– ensure that access and exit points to buildings are ample
Design the house for a more sustainable, healthier lifestyle. The flexible design of spaces, the use of integrated functional units and mobile elements provide a more comfortable living and longer lifespan for all users equally, regardless of age, size or ability.
Consider ‘open’ floor plans – spacious feel indoors, use of natural light, connected area, visibility and indoor-outdoor connect. Open floor plan is accredited to Frank Lloyd Wright who incorporated this feature into his Midwestern Prairie Houses in the late 19th and early 20th centuries. Interior design floor layout plans which have intensive contact with the environment, the weather and the change of the seasons determine the rhythm of personal life for a healthier lifestyle. These floor plans work well for families, the most successful configuration combining kitchen, dining and living areas; reduce noise in sleeping areas by placing bedrooms away from the living room or kitchen or dining area, extend the living room into a playroom with a view to converting it to a study, snug or ground floor bedroom at a later date. Here it’s time to plan continuity of style indoors — in flooring, ceiling and woodwork —for a visual flow.
Safety and privacy
Consider if the locality is safe to reside in, accessible police stations and adequate security personnel must be considered. Also, enquire about the crime rates in the particular locality because you have people coming and going at different ages and stages: babies, teenagers, grandparents, nannies and their friends.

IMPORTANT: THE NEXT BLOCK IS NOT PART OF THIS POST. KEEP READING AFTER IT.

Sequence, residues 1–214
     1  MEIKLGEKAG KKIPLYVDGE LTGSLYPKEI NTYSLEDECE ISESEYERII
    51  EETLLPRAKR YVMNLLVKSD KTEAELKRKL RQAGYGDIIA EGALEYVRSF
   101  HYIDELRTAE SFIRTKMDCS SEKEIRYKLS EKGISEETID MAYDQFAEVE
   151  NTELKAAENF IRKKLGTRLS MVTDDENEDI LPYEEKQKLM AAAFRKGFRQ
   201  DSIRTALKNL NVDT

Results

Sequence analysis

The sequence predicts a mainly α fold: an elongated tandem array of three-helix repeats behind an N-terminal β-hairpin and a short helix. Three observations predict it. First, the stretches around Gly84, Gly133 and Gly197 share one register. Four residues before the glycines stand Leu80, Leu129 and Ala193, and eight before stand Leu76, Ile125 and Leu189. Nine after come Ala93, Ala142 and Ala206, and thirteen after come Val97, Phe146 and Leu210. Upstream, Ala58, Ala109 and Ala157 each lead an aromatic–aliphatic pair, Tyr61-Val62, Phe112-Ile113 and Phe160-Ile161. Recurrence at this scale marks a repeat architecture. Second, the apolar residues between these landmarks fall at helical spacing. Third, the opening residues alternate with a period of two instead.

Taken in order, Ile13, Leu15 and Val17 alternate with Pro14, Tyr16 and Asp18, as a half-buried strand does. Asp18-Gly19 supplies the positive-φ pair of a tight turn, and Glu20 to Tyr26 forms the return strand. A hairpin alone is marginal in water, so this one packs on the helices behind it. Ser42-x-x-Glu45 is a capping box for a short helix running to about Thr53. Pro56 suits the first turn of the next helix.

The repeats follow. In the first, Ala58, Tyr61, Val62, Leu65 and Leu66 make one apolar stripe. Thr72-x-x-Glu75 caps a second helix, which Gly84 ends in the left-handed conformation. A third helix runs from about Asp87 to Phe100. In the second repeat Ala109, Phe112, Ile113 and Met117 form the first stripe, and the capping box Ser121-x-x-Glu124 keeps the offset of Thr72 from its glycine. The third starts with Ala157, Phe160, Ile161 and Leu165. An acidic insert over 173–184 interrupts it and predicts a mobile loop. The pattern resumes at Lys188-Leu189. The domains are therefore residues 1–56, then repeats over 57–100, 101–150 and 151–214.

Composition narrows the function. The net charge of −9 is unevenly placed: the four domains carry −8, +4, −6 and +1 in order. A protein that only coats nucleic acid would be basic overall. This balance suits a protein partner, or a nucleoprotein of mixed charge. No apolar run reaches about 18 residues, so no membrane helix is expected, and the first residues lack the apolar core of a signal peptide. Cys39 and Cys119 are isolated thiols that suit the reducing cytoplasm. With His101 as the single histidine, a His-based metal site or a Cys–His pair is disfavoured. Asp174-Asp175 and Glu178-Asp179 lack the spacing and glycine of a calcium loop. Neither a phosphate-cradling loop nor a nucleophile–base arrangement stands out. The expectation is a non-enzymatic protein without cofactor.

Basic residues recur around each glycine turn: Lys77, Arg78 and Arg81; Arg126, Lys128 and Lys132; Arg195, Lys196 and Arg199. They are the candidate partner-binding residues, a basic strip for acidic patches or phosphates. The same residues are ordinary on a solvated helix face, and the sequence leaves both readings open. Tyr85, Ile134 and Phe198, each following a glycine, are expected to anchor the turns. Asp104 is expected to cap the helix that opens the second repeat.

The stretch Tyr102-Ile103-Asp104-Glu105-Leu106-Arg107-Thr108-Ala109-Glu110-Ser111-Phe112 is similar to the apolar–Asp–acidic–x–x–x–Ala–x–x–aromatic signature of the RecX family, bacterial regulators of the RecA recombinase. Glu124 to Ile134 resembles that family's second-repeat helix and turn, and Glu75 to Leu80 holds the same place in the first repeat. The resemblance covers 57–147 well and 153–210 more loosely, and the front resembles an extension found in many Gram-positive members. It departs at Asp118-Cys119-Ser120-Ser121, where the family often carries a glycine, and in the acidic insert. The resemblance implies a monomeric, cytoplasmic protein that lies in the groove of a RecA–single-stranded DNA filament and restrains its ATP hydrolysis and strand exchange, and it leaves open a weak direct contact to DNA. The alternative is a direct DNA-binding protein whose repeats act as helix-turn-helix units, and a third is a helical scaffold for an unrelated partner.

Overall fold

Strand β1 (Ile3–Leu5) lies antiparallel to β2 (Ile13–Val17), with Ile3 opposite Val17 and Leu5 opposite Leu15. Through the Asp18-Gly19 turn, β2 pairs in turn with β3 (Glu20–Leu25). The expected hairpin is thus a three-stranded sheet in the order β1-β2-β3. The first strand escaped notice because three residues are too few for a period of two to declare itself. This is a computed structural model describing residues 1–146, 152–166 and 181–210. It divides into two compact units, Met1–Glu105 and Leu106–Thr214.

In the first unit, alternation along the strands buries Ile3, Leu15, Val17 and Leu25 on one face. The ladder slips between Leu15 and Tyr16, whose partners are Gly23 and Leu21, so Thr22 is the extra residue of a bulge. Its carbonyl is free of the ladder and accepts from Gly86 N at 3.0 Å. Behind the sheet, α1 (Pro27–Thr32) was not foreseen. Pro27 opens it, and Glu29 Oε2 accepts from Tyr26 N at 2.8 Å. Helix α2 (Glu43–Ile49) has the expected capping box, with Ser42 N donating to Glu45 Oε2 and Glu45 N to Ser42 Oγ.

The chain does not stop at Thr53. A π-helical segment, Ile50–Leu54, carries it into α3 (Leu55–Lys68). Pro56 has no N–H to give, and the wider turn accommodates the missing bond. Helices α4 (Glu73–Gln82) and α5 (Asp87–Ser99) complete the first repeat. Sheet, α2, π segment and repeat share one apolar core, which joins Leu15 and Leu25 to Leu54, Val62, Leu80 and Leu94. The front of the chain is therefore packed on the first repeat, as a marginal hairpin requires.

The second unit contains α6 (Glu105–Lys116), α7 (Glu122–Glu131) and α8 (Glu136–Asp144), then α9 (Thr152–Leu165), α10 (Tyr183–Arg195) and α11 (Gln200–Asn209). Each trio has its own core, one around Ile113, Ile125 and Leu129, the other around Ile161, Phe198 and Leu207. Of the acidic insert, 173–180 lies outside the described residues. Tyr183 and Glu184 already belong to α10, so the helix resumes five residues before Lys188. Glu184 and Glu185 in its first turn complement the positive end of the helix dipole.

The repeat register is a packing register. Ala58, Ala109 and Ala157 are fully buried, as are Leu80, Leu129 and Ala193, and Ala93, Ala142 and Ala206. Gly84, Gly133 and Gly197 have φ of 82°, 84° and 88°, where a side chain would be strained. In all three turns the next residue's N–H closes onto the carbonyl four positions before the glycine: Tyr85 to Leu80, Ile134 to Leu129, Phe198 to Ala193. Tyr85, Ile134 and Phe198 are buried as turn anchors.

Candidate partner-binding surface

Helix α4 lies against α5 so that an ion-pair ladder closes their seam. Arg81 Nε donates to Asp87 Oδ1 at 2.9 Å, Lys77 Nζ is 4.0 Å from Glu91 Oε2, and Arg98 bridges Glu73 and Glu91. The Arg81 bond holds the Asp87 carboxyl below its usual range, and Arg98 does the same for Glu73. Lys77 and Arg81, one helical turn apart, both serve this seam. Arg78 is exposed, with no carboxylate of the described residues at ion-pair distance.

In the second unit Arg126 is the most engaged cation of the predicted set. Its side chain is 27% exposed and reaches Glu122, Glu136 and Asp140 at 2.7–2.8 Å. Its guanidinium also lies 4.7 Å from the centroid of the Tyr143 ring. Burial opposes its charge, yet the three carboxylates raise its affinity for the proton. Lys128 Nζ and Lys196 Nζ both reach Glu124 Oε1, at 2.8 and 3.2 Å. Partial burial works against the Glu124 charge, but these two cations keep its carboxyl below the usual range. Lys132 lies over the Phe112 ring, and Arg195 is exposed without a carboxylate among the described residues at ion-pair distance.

Determine the functions to what each room will be used for and maintain the flow internally. Draw your layout plans to scale and arrange individual furniture pieces by determining the size. Get a feel of the space, and compare the room you are living in and compare them to your drawings; you can then enlarge or reduce as required. Measurements are particularly important when planning kitchens, dining rooms, bathrooms and bedrooms where adequate clearance between furniture, cabinetry and appliances is essential. Next map this out with your architect using computer software.
Comfort and style
Comfort and style is core to the design process. Do think ergonomics, workflow and clearance requirements for interior space. Once done you are ready to start building your dream home.